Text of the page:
Several years ago, my husband took our kids bowling as one of those last-resort activities that parents do when all other possibilities, including miniature golf, indoor playscapes and dropping them off at someone else’s house, have been exhausted.
A day or two after their high-octane evening of gutter balls and fashionable footwear, I noticed my husband rubbing his arm and taking Advil.
When I asked him what was wrong, he sheepishly replied that somehow he’d managed to injure his arm while bowling.
“Let me get this straight,” I said, “are you telling me that you have some kind of bowling injury? Bowling?”
To be honest, according to a handful of friends and most immediate family members, compassion isn’t exactly one of my super powers. I’ve been known to respond “suck it up” regardless of what the thermometer says, where the blisters are, or how many Band-Aids someone has bled through.
Once, when my husband and I were skiing, he hit a patch of ice and without any warning whatsoever, became a human snowball, rolling end to end in a blur of poles and waterproof gloves, before skidding to a stop.
After ensuring that his injuries were limited to minor head trauma and a torn ACL, I broke out my cell phone and took pictures of the paramedics attending to him, before snapping a few more in the emergency room in case he wanted to create a keepsake photo book or coffee mug of our day on the slopes.
So, considering this current injury was the result of a missed spare or using poor form attempting to make the split, my corresponding sympathy was relatively low.
Every time he grimaced while lifting anything or it appeared like he was suffering, I made sure I acknowledged it with some sort of snide comment and general mockery.
When a couple of months passed with no improvement, he broke down and went to the doctor.
Though I wasn’t there, I like to imagine how the visit went. I can only assume they talked in bowling lingo, using terms like, “approach,” and “follow through” when discussing his arm, and, instead of notes, the doctor probably just wrote a bunch of “Xs” and shaded triangles for reference in his medical chart.
Regardless, my husband came home with a tennis (bowling) elbow diagnosis and orders to wear a sort of weird, black band.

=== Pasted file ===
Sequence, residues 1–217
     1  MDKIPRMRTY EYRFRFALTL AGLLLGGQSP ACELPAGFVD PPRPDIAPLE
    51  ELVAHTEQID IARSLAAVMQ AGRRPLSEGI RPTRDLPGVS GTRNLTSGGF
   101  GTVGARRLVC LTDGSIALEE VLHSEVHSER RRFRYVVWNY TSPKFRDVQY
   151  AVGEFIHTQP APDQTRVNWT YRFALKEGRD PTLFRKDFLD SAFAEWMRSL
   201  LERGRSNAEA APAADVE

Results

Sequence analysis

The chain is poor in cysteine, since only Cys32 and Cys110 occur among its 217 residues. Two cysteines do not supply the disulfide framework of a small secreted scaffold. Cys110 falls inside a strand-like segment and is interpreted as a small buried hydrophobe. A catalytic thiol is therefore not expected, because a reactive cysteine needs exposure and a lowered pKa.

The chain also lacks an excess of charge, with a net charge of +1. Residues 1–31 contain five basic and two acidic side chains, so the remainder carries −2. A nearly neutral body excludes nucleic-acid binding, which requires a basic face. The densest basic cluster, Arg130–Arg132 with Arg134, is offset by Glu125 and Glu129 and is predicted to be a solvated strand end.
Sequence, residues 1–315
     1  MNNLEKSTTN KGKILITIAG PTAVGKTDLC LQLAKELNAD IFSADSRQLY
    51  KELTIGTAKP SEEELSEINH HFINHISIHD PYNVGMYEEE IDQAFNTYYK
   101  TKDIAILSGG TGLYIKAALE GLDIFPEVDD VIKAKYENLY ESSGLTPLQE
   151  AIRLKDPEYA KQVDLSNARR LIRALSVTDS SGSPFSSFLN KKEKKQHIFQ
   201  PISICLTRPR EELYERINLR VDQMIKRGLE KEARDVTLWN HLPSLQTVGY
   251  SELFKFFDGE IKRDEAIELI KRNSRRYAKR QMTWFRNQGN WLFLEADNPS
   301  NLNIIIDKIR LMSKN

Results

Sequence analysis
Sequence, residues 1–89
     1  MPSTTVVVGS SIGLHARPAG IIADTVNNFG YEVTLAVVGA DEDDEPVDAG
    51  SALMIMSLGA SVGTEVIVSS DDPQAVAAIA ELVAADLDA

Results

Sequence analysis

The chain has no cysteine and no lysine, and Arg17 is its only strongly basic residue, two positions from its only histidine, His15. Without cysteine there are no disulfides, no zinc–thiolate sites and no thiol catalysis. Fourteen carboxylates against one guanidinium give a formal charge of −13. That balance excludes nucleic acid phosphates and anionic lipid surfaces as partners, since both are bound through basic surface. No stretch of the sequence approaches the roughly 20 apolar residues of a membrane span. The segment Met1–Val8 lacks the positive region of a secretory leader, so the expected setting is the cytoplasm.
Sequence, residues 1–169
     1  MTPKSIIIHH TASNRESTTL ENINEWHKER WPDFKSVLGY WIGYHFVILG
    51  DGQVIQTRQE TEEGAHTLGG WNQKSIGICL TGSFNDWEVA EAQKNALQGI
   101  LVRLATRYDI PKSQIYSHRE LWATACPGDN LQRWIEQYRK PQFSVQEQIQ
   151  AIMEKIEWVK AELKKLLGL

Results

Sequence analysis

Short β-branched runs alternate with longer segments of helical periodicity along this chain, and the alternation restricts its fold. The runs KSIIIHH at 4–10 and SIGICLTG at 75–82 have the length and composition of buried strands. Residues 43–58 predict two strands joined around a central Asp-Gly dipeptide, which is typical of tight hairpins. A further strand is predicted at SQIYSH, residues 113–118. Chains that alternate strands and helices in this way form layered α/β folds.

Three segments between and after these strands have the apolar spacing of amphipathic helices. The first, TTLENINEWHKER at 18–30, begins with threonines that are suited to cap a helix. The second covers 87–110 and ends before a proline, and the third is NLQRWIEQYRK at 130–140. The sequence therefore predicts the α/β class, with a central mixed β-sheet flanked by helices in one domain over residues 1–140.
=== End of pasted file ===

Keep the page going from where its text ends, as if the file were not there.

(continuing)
Doubtful that a 2-inch strip of polyester, Velcroed around his arm, was anything more than a sympathy ploy — let alone a cure for whatever he’d done — I went to work.
“Are you in mourning,” I would ask when he wore it, “or is that what everyone’s wearing at the office these days?”
It took some effort, but eventually my band shaming paid off, he stopped wearing it, and there was no further discussion of the bowling injury after that.
He must have recovered, even though his professional bowling career was clearly over, and I forgot all about it.
At least until one day last spring, when during a fierce, sweaty, Nike-commercial, game of backyard badminton, I felt something go painfully awry in my arm.
Since it was still my serve, I obviously continued playing, but after a couple more flicks, it was apparent that something was really wrong.
Embarrassed to admit that I’d somehow suffered a catastrophic arm injury while volleying a large pencil eraser over a net, I mumbled, “I think I pulled a muscle,” and quit.
For days I was in agony. From my elbow to my fingers, pain.
Through it, however, I came to understand the meaning of real hardship. I struggled to depress the spout of my hair mousse, I had to carry my purse on the other arm and texting took a whole lot longer than usual.
Even so, I refused to go to the doctor. What would I say, that I did it when I was going in for the spike? That it happened while executing a less-than-perfect birdie return?
It’s been nearly a year. I’m not any better. And I still haven’t gone to the doctor.
I’m pretty sure I know what he’ll say. He’ll diagnose me with badminton elbow and send me home with a black, polyester band, which given my history, I cannot wear, at least not while my husband’s home.
In the meantime, I’m trying to make the best of it. There’s always Advil and I’ve switched over to hair gel. I also put our badminton set behind some boxes in the basement. With any luck, no one will ever find it.